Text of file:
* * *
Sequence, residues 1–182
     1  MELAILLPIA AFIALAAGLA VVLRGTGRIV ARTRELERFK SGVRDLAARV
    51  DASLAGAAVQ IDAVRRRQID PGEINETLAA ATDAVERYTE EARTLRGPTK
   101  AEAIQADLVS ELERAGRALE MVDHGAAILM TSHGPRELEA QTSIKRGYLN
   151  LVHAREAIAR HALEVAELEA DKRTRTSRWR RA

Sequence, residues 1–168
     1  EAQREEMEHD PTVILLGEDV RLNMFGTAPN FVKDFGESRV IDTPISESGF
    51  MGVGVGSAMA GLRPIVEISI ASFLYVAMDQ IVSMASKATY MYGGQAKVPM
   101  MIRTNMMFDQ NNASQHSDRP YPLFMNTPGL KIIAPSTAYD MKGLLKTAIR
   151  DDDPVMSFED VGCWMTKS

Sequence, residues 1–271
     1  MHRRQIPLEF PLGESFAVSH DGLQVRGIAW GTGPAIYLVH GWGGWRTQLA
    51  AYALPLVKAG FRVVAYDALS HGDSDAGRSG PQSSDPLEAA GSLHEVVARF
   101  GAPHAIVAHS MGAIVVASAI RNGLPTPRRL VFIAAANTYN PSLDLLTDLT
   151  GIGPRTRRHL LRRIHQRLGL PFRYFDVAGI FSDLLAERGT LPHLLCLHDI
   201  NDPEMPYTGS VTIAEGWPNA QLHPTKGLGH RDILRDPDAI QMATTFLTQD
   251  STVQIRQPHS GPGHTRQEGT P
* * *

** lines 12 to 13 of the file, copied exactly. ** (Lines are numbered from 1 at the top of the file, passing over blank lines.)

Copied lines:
     1  MHRRQIPLEF PLGESFAVSH DGLQVRGIAW GTGPAIYLVH GWGGWRTQLA
    51  AYALPLVKAG FRVVAYDALS HGDSDAGRSG PQSSDPLEAA GSLHEVVARF